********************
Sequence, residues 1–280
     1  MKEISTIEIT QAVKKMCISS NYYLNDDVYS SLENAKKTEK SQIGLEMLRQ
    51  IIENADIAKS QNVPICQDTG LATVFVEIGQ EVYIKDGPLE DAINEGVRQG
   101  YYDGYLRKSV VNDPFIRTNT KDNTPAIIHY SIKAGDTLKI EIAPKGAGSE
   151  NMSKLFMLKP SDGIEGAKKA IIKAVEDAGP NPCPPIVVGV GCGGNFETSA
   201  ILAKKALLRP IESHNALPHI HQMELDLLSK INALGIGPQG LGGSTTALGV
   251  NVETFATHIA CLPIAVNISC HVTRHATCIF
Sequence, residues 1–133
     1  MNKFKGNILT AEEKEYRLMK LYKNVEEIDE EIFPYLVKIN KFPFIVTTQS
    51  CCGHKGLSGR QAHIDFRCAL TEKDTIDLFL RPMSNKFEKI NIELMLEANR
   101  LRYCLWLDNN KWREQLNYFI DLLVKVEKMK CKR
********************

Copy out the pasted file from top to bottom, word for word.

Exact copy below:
Sequence, residues 1–280
     1  MKEISTIEIT QAVKKMCISS NYYLNDDVYS SLENAKKTEK SQIGLEMLRQ
    51  IIENADIAKS QNVPICQDTG LATVFVEIGQ EVYIKDGPLE DAINEGVRQG
   101  YYDGYLRKSV VNDPFIRTNT KDNTPAIIHY SIKAGDTLKI EIAPKGAGSE
   151  NMSKLFMLKP SDGIEGAKKA IIKAVEDAGP NPCPPIVVGV GCGGNFETSA
   201  ILAKKALLRP IESHNALPHI HQMELDLLSK INALGIGPQG LGGSTTALGV
   251  NVETFATHIA CLPIAVNISC HVTRHATCIF
Sequence, residues 1–133
     1  MNKFKGNILT AEEKEYRLMK LYKNVEEIDE EIFPYLVKIN KFPFIVTTQS
    51  CCGHKGLSGR QAHIDFRCAL TEKDTIDLFL RPMSNKFEKI NIELMLEANR
   101  LRYCLWLDNN KWREQLNYFI DLLVKVEKMK CKR